Education and Corruption

The Indian education sector is in distress. How does one explain the lack of outrage among the population at something which affects them so forcefully? Could it be because they are not aware of how dysfunctional the system is? That must at least partly explain the apathy. Perhaps they know but accept it with the fatalistic resignation of the type that accepts corruption among public officials? Perhaps they mistakenly consider pervasive corruption as normal. But how can they not see that government control of education, the rampant corruption, and the crippled education system are all of a piece?

Here’s a news item which reports that medical post graduate studies involve bribes of up to Rs 2 crores (around $ 400,000.)

The TOI report on MBBS seats sold for between Rs 12 lakh and Rs 40 lakh by two private colleges in Chennai barely exposes the tip of the iceberg. The scam gets bigger, more brazen as medical graduates embark on specializations that are necessary for a successful career. The price this year for a post-graduate seat in radiology in most leading private colleges across the country is Rs 2 crore while in cardiology, gynaecology and orthopaedics are priced around Rs 1.5 crore.

It should be obvious why this sort of thing can happen. It is not quantum mechanics. It is a predictable consequence of what I call “engineered scarcity.” Briefly the problem can be stated as

To address not just this question but a whole family of related questions, I propose a general theory of “Power, Scarcity, and Corruption.” Basically, the three form a nexus, with mutually reinforcing influences. Scarcity in general is not a chronic condition in any functioning economy; it has to be engineered. Given economic freedom, people work their way out of any transient scarcity. For persistent scarcity to exist, it has to be carefully nurtured. The motivation for engineering scarcity is that it allows the consolidation of power. This is Econ101 and even a superficial reading of the chapter on monopolies is sufficient to persuade one that monopolies do restrict quantities to maximize “profits.”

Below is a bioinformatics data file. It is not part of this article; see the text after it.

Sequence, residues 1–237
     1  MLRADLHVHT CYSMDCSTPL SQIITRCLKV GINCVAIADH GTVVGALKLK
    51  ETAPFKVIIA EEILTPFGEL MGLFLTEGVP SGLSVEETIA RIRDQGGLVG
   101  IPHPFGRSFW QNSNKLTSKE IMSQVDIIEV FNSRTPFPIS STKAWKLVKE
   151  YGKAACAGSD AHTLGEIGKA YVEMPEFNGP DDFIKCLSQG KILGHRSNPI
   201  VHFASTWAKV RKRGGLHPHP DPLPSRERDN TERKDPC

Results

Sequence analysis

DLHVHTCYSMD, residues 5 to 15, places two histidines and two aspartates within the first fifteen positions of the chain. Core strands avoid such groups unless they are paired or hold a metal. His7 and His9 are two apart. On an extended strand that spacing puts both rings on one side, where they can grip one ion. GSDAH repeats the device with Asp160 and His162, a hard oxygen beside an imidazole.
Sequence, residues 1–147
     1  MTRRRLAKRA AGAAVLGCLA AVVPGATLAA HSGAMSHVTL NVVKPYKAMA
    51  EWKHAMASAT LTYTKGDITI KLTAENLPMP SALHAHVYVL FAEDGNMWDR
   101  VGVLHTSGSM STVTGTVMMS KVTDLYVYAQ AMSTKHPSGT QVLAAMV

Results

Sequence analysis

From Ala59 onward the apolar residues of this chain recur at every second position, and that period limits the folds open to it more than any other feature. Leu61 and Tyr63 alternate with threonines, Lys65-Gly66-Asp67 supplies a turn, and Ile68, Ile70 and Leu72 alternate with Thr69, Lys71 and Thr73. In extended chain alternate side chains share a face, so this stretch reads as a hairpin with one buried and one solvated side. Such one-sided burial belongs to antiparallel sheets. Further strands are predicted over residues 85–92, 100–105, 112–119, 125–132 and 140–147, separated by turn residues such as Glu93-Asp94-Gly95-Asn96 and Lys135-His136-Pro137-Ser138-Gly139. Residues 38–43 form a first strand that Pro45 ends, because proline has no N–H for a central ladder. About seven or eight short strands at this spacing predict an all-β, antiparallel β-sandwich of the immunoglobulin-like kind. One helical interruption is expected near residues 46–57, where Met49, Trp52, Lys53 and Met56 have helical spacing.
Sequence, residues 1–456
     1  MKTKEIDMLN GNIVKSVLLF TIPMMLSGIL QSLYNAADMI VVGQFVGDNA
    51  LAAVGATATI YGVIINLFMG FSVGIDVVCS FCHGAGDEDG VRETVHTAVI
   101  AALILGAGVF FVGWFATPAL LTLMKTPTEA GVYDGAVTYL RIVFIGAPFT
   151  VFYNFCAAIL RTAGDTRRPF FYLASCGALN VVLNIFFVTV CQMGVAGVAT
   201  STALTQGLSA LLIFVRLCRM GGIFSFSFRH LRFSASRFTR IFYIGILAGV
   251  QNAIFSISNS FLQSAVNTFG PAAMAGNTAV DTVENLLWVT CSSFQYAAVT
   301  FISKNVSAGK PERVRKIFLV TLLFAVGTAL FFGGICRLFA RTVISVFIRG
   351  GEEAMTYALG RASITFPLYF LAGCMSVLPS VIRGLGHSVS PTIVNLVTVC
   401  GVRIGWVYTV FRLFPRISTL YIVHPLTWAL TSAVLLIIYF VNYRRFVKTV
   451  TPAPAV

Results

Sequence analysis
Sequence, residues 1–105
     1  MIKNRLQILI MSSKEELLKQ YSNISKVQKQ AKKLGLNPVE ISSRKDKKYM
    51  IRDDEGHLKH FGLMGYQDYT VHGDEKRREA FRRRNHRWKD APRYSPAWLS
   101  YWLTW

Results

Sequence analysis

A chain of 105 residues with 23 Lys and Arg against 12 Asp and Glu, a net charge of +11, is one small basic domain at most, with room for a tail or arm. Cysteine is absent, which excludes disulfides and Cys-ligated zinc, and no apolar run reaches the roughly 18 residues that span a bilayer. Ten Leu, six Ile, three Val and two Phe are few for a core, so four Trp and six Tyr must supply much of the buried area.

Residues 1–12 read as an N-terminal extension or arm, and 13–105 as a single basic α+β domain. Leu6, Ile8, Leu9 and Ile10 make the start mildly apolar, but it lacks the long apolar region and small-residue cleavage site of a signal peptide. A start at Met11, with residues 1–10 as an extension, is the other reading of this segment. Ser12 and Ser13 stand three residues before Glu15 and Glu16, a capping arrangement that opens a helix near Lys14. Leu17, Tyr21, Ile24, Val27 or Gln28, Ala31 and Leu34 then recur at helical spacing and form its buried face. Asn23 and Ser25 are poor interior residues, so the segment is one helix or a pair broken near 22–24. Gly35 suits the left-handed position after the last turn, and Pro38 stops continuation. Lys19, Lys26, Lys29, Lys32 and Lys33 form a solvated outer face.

The relationship between power and scarcity is bi-directional. You have to have power to engineer scarcity, and through that engineered scarcity you gain power. Political power allows you to dictate policies that give you monopoly control and then you use that for gaining even more political power. Then of course, where there is scarcity, corruption cannot be far behind. Corruption is therefore a mechanism which allows the collection of rents that arise from the scarcity.

If scarcity were to vanish for some reason, both the corruption and the power to extract rents would disappear. For those in power, therefore, the primary objective is to somehow maintain an artificial scarcity both for maintaining power and for gaining from the corruption.

Now back to our educational system. The government has a monopoly control of the sector through many institutions such as the Ministry of Human Resources and Development, the University Grants Commission, etc. Licenses and other requirements force the private sector from fully and freely participating in providing education. The resulting scarcity gives the government a handy lever for manipulating voting blocks. Quotas and reservations are handed out to favored groups. And more directly, the bureaucrats and politicians extract rents from handing out the licenses and permits to those who have the deepest pockets. [“Power, Scarcity, and Corruption.” Sept 2007.]